Secrets of Bonsai: Uncovering the mechanism of root regeneration
The molecular mechanism behind root regeneration after root cutting in plants has been discovered. A finding which could lead to the development of new methods for regulating plant growth in agriculture and horticulture.
A plant’s root system is highly regenerative. It plays a critical role in absorbing water and nutrients from the soil and therefore its loss can be an immediate threat to their lives. The plasticity of the root system also helps plants adopt to adverse conditions such as draught. An agricultural technique called root pruning, or root cutting, uses this natural robustness to control plant growth. It has also been used in horticulture to control plant size and vigor as seen in Bonsai.
Previous studies have suggested that root regeneration occurs through the induction of lateral root (LR) formation, and that auxin, a well-studied growth hormone involved in various processes of plant development, plays a role in the process. However, the molecular mechanism behind root regeneration has remained largely unknown.
According to a new study published in Plant and Cell Physiology, scientists have identified for the first time that YUCCA9, one of the eleven YUCCA genes involved in auxin synthesis, plays a primary role in root-system regeneration.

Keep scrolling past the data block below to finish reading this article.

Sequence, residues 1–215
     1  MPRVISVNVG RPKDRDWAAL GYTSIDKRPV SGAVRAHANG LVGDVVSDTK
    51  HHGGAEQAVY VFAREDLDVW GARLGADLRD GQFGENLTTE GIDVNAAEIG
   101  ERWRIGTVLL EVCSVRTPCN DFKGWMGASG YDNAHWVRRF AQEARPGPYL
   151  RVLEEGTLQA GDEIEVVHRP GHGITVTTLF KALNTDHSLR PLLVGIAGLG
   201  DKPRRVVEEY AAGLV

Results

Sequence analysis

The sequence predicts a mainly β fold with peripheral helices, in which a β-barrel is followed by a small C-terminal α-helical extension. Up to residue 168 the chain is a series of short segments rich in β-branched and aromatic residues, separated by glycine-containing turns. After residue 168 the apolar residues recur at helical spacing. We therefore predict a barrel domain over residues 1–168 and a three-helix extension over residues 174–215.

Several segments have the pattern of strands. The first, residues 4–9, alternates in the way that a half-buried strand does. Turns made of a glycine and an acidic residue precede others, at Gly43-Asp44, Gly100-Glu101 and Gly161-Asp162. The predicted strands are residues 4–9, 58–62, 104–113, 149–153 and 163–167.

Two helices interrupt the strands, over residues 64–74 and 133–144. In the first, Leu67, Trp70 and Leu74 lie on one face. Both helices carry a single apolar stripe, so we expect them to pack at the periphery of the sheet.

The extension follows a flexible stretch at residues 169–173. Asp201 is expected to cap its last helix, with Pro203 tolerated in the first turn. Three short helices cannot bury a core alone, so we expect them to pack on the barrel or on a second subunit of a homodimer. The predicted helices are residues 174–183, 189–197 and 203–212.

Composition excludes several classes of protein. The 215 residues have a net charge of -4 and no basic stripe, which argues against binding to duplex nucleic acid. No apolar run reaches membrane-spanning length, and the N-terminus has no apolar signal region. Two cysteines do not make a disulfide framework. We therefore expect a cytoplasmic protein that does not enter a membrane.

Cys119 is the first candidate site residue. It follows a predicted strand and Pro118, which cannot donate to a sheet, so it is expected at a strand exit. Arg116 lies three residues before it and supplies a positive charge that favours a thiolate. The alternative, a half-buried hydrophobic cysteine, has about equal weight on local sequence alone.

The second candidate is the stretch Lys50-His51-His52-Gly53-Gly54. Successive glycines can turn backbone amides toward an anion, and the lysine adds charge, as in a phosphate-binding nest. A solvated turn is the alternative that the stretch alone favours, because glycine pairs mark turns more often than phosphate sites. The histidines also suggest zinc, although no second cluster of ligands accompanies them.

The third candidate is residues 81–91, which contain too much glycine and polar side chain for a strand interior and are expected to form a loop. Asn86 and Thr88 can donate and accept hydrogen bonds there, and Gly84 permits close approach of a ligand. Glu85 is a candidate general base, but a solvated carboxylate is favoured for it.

Using Arabidopsis as a model, the research team led by Associate Professor Masaaki Watahiki of Hokkaido University found that root cutting induces both LR formation and the growth of existing roots. Experiments investigating gene expressions and using mutants identified YUCCA9 as the primary gene responsible for auxin biosynthesis during root-system regeneration after root cutting. In collaboration with Professor Masashi Asahina of Teikyo University, the team also found an evident increase in the level of auxin after cutting.
Auxin commonly shows an uneven distribution in plant bodies as a result of polar transportation, leading to gravity- or light-induced bending of the plant. The team found that the polar transport system is required for root regeneration as well.
Interestingly, the team revealed that the defective LRs of some auxin signaling mutants can be recovered by root cutting, suggesting the robustness of the auxin signaling induced by root cutting. They also showed a redundancy of auxin biosynthesis genes by mutant analysis.
“We identified the primary gene of auxin biosynthesis which is responsible for root regeneration upon root damage. This finding could lead to the development of new methods for suppressing or enhancing root regeneration, and thus controlling plant growth in agriculture and horticulture,” says Masaaki Watahiki